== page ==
CDI Remains a Major, ‘Multifactorial’ Challenge


While efforts to curb in-hospital infection seem to have paid off, community-acquired cases appear headed in the opposite direction.

Though Clostridioides difficile infection (CDI) is often discussed in the context of efforts to lower the risk of healthcare-associated infections, a new review article notes that CDI is a problem both within and without healthcare settings, and the high rates of recurrence can create a formidable burden on patients.

The new report outlines some of the “unseen and underappreciated” consequences of CDI, and calls for more efforts to be made to support patients and prevent infections. The review was published in BMC Infectious Diseases.

Glenn Tillotson, PhD, FIDSA, FCCP, of GSTMicro, LCC, and colleagues began by outlining shifts in the epidemiology of CDI. They said the overall burden of CDI is estimated to have decreased by 24% between 2011 and 2017. The COVID-19 pandemic, and the heightened spotlight on infection control that accompanied it, may have further decreased CDI rates, though Tillotson and colleagues said the CDC has not yet released definitive data.

However, those decreases seem to be driven by reductions in healthcare-associated cases of CDI. Community-associated cases seem to be on the rise, and in 2019 made up the majority of cases (53%), the authors noted.

“Given the changing epidemiology of CDI, continued efforts are required to improve infection prevention and diagnostic and antibiotic stewardship not only in inpatient settings, but also in outpatient settings,” they wrote.

One reason CDI is so problematic is that, for many patients, the fight against CDI is a war, rather than a single battle. About one-third (35%) of people with CDI will experience a recurrence after their first case, and 60% of patients who experience a recurrence will experience at least one more recurrence. In the US alone, recurrence accounts for an estimated 75,000-175,0000 cases of CDI per year. A number of risk factors increase a patient’s risk of CDI or recurrent CDI (rCDI), including antibiotic use, being female, being immunosuppressed, and having comorbidities such as renal disease, inflammatory bowel disease, and diabetes, the authors noted. However, patients with community-acquired CDI tend to be somewhat younger than patients with healthcare-associated cases.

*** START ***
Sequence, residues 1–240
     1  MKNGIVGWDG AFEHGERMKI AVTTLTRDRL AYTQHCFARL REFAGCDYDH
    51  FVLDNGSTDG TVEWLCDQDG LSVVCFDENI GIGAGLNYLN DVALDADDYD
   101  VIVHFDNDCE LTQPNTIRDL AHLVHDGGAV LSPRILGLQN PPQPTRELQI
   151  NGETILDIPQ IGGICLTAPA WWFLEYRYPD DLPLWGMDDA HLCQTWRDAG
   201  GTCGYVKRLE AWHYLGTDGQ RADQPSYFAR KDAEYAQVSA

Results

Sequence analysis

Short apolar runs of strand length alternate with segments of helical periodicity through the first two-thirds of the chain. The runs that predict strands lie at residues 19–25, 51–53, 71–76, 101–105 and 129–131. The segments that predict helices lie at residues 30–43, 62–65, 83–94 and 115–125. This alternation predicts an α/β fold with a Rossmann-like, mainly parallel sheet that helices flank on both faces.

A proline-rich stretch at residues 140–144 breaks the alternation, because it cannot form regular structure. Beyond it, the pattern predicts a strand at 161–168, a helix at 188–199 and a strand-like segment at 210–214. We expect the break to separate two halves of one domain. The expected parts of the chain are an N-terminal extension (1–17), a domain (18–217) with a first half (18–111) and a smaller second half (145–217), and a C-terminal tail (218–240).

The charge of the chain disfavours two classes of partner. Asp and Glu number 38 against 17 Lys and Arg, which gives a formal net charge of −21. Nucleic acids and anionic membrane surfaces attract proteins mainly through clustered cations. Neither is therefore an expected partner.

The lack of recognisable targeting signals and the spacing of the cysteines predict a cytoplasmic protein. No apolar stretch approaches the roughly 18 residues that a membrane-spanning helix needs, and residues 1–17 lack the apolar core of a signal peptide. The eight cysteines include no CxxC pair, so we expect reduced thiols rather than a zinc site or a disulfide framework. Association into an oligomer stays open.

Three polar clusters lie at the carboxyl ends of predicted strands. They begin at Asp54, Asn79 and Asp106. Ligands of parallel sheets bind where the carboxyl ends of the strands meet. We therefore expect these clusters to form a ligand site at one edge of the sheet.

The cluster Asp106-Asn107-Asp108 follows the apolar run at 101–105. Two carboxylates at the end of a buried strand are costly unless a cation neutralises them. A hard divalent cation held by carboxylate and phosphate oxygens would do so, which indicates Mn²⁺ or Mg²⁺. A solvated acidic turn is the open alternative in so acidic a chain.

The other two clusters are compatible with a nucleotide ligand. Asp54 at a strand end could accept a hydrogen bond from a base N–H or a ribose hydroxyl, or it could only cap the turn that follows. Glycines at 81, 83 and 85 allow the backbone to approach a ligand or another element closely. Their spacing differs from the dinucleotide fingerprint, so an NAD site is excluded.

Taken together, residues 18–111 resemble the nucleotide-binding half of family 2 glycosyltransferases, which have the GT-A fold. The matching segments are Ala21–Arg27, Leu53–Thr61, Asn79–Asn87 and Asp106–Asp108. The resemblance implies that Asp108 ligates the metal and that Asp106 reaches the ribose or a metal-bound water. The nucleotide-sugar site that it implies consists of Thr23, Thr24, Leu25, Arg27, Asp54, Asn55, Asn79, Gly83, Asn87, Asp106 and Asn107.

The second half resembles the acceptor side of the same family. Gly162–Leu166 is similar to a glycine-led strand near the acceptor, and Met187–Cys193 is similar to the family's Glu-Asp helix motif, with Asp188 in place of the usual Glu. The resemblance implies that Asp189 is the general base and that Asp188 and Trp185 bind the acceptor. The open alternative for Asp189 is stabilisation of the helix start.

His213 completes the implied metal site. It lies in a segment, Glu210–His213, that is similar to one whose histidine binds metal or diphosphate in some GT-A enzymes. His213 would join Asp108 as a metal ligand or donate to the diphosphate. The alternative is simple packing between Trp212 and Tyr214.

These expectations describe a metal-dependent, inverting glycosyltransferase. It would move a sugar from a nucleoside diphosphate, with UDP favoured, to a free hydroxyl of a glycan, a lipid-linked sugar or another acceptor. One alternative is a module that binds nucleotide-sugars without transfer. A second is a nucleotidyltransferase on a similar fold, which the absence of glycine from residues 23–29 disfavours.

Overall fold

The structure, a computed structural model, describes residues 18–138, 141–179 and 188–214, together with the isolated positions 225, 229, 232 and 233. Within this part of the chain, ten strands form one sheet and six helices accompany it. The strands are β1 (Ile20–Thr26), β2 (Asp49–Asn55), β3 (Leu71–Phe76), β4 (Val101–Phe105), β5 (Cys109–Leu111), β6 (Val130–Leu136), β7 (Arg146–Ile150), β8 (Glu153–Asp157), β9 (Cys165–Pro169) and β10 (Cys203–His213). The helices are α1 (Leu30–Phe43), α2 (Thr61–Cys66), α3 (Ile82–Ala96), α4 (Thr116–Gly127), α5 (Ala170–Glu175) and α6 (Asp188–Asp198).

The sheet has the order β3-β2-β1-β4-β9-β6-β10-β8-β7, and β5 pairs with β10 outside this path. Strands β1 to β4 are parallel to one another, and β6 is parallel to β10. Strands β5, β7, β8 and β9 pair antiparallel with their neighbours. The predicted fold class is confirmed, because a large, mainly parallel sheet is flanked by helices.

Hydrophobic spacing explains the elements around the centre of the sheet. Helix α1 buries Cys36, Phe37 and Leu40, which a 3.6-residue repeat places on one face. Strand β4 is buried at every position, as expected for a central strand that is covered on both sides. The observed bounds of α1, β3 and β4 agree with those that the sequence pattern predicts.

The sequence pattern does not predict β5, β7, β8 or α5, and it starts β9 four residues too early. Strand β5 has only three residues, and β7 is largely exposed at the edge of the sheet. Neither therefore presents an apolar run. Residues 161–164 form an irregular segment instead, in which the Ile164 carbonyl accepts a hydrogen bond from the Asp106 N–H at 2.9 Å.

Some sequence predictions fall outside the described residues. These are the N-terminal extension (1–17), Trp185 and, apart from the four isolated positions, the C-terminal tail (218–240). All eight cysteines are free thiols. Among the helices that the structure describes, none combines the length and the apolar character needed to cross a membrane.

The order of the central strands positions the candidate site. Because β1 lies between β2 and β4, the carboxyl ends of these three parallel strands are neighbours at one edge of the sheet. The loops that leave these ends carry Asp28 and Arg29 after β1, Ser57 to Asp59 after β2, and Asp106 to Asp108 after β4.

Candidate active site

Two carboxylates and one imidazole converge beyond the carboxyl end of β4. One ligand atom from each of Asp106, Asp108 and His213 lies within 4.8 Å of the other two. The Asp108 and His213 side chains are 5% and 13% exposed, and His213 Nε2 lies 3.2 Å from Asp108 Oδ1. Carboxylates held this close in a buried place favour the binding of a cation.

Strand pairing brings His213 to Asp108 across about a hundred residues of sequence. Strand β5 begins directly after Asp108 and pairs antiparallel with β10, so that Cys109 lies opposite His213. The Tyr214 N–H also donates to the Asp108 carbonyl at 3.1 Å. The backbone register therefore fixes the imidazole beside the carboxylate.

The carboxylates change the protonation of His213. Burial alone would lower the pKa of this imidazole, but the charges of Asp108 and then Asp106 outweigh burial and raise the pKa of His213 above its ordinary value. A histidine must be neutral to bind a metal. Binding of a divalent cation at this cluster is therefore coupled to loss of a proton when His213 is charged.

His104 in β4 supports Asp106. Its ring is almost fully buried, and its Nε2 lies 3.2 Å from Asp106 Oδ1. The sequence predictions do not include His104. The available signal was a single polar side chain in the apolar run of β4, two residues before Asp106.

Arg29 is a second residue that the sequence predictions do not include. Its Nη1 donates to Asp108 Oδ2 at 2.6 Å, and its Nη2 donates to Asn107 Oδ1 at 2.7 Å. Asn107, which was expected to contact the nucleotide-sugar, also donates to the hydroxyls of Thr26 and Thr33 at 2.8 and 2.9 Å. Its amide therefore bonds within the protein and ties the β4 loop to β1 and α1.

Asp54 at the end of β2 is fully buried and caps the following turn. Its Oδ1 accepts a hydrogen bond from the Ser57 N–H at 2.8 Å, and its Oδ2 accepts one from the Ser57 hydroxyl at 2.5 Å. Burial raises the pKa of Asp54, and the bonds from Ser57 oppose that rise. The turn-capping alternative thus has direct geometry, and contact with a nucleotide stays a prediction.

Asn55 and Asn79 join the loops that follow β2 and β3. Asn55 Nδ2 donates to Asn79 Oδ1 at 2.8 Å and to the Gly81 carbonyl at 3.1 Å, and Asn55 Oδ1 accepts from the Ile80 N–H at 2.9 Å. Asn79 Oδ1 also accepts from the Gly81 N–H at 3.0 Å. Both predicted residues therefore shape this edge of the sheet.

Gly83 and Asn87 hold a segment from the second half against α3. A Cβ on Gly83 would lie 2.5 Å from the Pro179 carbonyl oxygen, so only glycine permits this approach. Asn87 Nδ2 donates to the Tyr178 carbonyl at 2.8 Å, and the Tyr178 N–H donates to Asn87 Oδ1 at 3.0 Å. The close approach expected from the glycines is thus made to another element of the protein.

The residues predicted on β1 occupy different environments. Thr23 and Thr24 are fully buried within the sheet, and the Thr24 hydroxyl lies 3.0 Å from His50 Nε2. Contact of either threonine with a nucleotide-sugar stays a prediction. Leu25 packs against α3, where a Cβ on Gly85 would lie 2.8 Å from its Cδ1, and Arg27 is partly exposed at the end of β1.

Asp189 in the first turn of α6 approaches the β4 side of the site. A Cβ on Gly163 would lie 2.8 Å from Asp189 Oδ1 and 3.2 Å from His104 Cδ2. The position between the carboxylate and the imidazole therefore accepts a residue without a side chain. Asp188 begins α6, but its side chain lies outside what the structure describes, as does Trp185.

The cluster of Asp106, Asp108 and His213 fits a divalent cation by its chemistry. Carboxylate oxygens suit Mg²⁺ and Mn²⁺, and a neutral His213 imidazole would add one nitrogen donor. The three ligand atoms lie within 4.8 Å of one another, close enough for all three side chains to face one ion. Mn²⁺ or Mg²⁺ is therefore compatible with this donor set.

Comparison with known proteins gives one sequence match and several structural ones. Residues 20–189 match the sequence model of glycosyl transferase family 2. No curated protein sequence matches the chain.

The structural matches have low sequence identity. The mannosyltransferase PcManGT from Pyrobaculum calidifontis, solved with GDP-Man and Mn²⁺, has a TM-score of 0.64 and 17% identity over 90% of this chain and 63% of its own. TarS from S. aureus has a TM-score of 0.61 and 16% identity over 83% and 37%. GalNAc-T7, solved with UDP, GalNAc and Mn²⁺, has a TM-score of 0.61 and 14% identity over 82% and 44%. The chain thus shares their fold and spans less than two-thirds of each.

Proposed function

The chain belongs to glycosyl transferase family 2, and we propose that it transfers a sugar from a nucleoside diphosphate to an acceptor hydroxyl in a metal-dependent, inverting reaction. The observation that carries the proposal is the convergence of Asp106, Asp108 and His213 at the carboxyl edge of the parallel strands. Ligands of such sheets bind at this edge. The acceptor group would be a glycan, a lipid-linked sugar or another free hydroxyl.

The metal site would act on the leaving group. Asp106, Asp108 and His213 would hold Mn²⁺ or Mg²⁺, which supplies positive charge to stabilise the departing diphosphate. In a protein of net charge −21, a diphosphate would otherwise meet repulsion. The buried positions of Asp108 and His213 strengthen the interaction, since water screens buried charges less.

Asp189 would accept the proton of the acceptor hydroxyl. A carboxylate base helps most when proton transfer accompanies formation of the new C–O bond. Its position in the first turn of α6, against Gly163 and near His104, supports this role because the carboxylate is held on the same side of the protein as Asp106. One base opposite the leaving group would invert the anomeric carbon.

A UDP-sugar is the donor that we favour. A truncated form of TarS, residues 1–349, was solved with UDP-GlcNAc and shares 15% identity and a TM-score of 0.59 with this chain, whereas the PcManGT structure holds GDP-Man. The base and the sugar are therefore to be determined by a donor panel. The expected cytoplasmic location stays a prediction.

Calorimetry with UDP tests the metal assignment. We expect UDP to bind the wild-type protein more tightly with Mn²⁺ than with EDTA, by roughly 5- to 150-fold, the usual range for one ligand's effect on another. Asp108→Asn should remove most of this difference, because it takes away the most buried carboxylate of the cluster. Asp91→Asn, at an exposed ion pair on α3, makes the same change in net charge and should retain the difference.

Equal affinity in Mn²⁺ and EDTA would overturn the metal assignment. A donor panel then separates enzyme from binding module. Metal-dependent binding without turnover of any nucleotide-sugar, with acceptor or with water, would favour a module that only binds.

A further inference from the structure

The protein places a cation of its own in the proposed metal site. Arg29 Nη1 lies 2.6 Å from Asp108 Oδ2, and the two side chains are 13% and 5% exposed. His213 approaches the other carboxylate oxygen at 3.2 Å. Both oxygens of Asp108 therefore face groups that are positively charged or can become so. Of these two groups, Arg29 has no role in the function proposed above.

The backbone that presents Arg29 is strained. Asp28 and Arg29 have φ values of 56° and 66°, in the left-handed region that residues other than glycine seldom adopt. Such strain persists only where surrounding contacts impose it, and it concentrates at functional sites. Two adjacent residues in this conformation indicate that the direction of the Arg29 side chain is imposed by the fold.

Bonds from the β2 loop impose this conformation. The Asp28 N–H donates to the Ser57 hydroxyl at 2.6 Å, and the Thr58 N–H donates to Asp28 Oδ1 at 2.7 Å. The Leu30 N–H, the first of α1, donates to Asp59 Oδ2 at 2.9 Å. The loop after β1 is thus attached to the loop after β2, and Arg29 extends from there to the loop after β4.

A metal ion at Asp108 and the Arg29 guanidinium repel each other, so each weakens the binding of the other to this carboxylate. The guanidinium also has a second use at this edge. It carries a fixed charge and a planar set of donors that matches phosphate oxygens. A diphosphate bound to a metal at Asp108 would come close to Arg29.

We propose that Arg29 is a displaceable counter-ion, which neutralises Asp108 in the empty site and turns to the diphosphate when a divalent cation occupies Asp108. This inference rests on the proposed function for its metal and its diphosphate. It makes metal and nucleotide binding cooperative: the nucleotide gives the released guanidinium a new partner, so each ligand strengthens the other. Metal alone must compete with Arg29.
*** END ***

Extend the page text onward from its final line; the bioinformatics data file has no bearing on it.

Estimates suggest that between 6-11% of patients with CDI will die from the infection within 30 days, but the risk of death is higher with recurrences, the authors said. Complications, such as sepsis, are also common.

However, Tillotson and colleagues said it is important to understand that the impact of CDI is much broader than its epidemiology.

“Various studies have reported the CDI and rCDI have significant detrimental effects on patients’ quality of life that can have long-lasting and emotional impacts,” they noted.

One study found 31% of people with rCDI are “very worried” about infecting others, 26% said they felt like prisoners in their home or hospital room, and 22% said they were unwilling or unable to eat.

Patients with CDI also reported spending an average of $4,355 on out-of-pocket healthcare expenses for their current case, and $8,695 on previous bouts.

The infection also creates a major burden on the healthcare system itself. A previous study found people with CDI stay in the hospital for 8 days, on average, for their index episode, and 9.3 days for recurrent episodes. Total inpatient costs associated with CDI are estimated to be around $5 billion per year, the authors said, and rCDI is estimated to cost the healthcare system $2.8 billion per year.

Tillotson and colleagues said their review shows that managing patients with CDI involves multiple facets, including an acknowledgement of the psychological, social, and economic effects of the disease.

“From a health resource and healthcare institution perspective, efforts should be made to reduce costs and fiscal losses due to reimbursement penalties and efforts should be directed at preventing rCDI and community-acquired CDI,” they said.

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